Despite the transatlantic “love festival”, the EU is in third place in relations with the USA and China

US Secretary of State Antony Blinken’s first video conference call with European Union foreign ministers last month was so upbeat that some diplomats in Europe dubbed it a “love fest.”

But two senior envoys who were present said there had been no direct response from ministers assembled in Brussels, as Blinken said: “We must push back China together and show strength in unity.”

Part of their reluctance is that they don’t want to commit to anything until Washington fleshes out its China policy under President Joe Biden.

But ministers were also cautious because the EU is seeking a strategic balance in relations with Beijing and Washington that will ensure the bloc is not so closely allied with either of the world’s two major powers that it alienates the other.

The EU also hopes to have enough independence from Washington and Beijing to be able to deepen ties with countries in the Indo-Pacific region like India, Japan and Australia, EU officials said.

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In a fresh start for the EU, they said, the bloc hopes to agree a plan next month that includes a larger and more assertive security presence in the Indo-Pacific and more development aid, trade and diplomacy between Washington and Beijing,” an EU envoy said in Asia.

Last month’s video conference was part of an attempt under Biden to rebuild alliances neglected by former US President Donald Trump, who has had an antagonistic relationship with both the EU and China.

The White House has embarked on a “Europe roadshow,” a senior US official said, and is in daily contact with European governments about China’s rising power, in “an ongoing effort for … a high level of coordination and cooperation in a row.” of areas.”

In a sign the US push on China is having an effect, Germany plans to send a frigate to Asia and across the South China Sea in August in August, where Beijing has military outposts on artificial islands, senior government officials told Reuters.

The EU will also on March 22 sanction four Chinese officials and an organization with travel bans and asset freezes over human rights abuses in China’s Uyghur Muslim minority, diplomats said.

When Chinese President Xi Jinping chaired a video summit with Central and Eastern European countries last month, six EU member states – Bulgaria, Estonia, Latvia, Lithuania, Romania and Slovenia – sent ministers rather than heads of state.

But Brussels still has suspicions about Washington’s approach to China, even as European attitudes towards China have hardened over Beijing’s actions in Hong Kong, the treatment of Uyghur Muslims and the COVID-19 pandemic first detected in China.

The United States says China is an authoritarian country that has embarked on military modernization that threatens the West and has sought to weaken telecommunications equipment maker Huawei, which it sees as a national security threat.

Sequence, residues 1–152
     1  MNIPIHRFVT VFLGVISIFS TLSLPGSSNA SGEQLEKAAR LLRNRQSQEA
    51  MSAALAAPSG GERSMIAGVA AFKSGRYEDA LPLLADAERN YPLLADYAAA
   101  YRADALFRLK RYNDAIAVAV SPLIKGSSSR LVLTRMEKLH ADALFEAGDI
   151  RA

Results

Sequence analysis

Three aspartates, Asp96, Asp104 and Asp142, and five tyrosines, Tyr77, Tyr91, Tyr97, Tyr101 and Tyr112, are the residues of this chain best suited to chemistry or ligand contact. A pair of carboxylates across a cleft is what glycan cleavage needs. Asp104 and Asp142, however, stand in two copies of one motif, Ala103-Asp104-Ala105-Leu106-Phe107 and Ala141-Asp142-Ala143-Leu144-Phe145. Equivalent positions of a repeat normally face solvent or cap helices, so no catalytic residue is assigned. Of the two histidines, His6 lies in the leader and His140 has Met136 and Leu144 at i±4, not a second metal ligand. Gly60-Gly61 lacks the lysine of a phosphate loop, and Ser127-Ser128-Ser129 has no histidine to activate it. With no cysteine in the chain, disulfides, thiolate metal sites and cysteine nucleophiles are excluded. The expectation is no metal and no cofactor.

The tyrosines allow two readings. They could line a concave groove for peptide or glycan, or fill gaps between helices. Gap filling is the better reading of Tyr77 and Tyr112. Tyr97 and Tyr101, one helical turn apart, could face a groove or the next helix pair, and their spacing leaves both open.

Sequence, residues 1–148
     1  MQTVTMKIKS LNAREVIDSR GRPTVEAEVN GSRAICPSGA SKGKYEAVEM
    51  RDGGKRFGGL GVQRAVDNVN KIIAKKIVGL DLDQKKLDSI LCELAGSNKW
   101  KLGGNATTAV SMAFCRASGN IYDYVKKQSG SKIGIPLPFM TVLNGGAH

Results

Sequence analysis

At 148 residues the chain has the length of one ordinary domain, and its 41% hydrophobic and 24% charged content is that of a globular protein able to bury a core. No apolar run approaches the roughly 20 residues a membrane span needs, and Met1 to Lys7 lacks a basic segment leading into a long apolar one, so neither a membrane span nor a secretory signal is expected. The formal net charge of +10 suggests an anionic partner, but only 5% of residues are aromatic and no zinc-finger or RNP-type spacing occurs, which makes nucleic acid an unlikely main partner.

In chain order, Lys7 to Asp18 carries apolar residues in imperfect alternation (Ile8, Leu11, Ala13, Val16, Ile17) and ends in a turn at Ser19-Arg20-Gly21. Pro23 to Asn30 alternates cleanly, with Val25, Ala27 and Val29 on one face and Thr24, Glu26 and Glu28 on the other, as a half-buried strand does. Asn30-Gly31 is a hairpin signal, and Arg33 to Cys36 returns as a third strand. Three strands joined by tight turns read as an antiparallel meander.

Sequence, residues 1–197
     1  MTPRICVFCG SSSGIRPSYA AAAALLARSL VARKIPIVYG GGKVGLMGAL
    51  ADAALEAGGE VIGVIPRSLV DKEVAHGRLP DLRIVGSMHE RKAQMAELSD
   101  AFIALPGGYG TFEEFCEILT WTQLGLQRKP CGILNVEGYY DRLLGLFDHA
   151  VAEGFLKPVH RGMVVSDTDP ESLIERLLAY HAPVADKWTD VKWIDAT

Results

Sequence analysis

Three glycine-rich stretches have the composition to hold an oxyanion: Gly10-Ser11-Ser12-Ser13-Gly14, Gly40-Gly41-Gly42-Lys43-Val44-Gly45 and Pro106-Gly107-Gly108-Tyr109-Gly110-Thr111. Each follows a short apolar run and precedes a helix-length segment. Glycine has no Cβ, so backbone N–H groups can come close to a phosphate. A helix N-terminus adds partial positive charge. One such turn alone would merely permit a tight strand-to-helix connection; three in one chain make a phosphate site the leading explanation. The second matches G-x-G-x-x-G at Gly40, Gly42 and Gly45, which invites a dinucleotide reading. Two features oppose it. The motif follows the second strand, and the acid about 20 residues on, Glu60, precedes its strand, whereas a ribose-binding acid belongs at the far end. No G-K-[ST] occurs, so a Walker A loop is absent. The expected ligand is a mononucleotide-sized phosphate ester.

The US-led NATO military alliance is also beginning to focus on China, but Biden’s government is still reviewing its policies.

“We ask what their China strategy is and they say they don’t have one yet,” said the EU official in Asia.

French President Emmanuel Macron last month underscored the concerns of some EU nations by saying unification against China would create “the highest possible” potential for conflict.

But the EU is hungry for new trade and sees huge potential in the Indo-Pacific.

The EU has a trade deal with Japan and is negotiating one with Australia. Diplomats say Indo-Pacific countries want the EU to be more active in the region to keep trade free and open and ensure they don’t face a direct choice between Beijing and Washington.

France committed to closer ties with allies like Australia and India with an Indo-Pacific strategy in 2018, followed by the Netherlands, which also has its own strategy, and Germany’s looser “guidelines”.

The EU strategy, if agreed, could include seconding more EU military experts to EU diplomatic missions in Asia, training coast guards and sending more EU military personnel to serve on Australian ships patrolling the Indian Ocean, diplomats said .

It is unclear to what extent Germany, which has close business ties with China, is committed to a new strategy. German government officials say the EU cannot afford to alienate Beijing despite calling China a “systemic rival” in 2019.

But French Foreign Minister Jean-Yves Le Drian will travel to India in April to develop the EU’s Indo-Pacific strategy, and the EU intends to hold a summit with India this year.

France, which has 1.8 million residents in the Pacific Overseas Territories, has about 4,000 troops in the region, as well as naval vessels and patrol boats.

“The Indo-Pacific is the cornerstone of Europe’s geopolitical path,” said a French diplomat. “There is no alternative.” Despite the transatlantic “love festival”, the EU is in third place in relations with the USA and China

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